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Tarnish problems while tumbling


#1

I’m new to this group so first let me say hello…

And now for the questions… (let the games begin):

I’ve been working on some mass finishing issues for tumbling glass
and metal at the same time in order to eliminate hand finishing of
pieces.

needless to say I am having some problems… when tumbling with
plastic media from Rio the glass gets slightly abraded, no problem as
this is easily refinished using a lap wheel and cerium oxide, brings
the glass back up just fine unfortunately some of the cerium oxide
gets trapped behind the glass pieces… this in itself is not a
major problem as we are using primarily opaque glass pieces so it is
unnoticeable…

however, when I return the pieces to the tumbler to burnish the
silver using mixed stainless shot and Rio deburring solution… there
seems to be a chemical or electrical reaction occurring that is
causing oxidation on the surface of the silver on testing the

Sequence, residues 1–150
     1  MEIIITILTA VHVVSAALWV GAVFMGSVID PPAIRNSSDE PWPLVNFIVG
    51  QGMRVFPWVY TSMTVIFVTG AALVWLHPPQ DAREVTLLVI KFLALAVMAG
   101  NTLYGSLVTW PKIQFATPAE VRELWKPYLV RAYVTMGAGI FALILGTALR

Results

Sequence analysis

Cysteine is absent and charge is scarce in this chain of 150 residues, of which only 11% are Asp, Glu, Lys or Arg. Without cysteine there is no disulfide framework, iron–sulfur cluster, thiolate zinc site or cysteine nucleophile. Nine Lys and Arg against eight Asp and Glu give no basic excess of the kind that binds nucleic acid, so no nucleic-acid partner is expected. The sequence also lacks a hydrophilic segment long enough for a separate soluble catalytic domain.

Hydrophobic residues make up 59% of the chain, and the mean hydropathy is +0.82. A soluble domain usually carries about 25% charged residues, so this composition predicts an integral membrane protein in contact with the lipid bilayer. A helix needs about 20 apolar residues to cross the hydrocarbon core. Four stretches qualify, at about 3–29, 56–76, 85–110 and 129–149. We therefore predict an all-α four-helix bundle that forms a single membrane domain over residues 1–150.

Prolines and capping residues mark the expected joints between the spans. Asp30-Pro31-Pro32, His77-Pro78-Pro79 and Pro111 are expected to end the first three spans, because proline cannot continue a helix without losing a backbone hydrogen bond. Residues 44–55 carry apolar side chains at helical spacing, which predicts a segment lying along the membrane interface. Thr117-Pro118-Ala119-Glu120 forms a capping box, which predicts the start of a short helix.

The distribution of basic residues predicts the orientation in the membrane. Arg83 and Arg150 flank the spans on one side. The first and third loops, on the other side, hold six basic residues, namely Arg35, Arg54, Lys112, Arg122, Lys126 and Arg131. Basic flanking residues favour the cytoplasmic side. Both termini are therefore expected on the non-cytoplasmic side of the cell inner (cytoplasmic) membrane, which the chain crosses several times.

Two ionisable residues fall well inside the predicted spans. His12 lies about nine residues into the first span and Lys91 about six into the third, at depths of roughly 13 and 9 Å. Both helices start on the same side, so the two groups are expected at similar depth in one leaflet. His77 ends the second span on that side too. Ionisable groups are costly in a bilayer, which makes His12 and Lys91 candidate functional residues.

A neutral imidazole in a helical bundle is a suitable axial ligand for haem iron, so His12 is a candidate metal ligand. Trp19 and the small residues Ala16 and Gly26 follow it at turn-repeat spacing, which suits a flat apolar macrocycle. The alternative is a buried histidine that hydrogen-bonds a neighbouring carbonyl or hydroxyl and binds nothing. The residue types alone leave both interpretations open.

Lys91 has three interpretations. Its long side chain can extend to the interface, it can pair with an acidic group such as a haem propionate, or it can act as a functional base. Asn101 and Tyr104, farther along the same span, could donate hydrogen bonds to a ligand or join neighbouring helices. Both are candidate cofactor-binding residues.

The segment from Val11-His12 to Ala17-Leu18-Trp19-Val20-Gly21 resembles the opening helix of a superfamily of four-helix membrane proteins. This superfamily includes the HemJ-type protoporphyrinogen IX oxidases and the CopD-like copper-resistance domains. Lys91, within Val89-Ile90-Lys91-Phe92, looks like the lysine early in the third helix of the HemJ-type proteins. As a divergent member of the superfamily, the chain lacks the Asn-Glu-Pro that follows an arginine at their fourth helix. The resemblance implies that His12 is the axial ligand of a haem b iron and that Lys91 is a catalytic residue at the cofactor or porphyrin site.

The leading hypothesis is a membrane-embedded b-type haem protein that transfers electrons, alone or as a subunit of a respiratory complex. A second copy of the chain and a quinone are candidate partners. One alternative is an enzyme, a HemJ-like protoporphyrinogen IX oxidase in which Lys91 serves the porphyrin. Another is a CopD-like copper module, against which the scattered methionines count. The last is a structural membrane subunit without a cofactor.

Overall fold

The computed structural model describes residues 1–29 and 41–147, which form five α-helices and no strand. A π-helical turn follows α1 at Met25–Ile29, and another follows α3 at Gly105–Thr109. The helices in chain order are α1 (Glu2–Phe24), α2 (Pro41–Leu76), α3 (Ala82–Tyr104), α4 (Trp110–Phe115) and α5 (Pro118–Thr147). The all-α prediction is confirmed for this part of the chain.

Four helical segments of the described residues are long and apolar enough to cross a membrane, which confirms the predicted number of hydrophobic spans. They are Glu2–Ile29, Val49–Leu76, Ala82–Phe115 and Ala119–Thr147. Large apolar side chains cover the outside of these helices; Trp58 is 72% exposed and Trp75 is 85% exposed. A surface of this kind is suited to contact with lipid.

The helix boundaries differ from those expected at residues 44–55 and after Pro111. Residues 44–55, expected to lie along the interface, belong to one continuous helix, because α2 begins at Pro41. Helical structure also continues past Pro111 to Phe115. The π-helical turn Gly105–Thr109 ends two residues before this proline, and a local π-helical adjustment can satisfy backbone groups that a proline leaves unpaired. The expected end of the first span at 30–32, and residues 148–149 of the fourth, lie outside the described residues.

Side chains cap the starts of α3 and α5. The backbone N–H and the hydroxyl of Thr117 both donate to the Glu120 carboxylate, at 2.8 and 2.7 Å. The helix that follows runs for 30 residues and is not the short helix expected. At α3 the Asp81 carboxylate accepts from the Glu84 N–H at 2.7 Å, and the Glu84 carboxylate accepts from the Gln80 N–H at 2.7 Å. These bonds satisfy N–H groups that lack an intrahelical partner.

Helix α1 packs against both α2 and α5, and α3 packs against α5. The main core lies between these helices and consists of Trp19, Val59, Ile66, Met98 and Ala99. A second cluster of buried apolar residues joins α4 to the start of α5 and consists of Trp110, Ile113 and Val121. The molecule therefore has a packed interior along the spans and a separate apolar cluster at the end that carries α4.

solution after tumbling I get an approximate PH of 8

anyone know exactly what’s going on… I have the funny feeling
that the cerium is acting as an O2 donor for anodizing the
silver… could this be the case… and if so anyone got any
suggestions on how to eliminate this issue

thanks,
Jon P


#2
however, when I return the pieces to the tumbler to burnish the
silver using mixed stainless shot and Rio deburring solution... 
there seems to be a chemical or electrical reaction occurring that
is causing oxidation on the surface of the silver on testing the
solution after tumbling I get an approximate PH of 8 

Dear Jon,

I’m not sure this is the issue but part of your above statement
caught my attention. You stated your using deburring solution with
steel shot? Don’t, it’s simply not effective. Deburring solution is
engineered for abrasive media, not burnishing media. Burnishing is a
non abrasive step so use a burnishing compound, you should see much
better results.

I hope this helps.
Respectively,
Thackeray Taylor
Rio Grande Technical Support.


#3

Jon - Stainless steel runs best in a basic or alkaline solution - and
a pH of 8 is basic. What I would try is to use the burnishing
solution, rather than the deburring solution. And maybe if you
polished the glass after running the steel, instead of before, you
could eliminate the cerium oxide interference. Alternately you could
run the pieces in an ultra sonic to thoroughly clean them prior to
running the burnishing with steel. Or you could set the glass after
finishing the silver.

Judy Hoch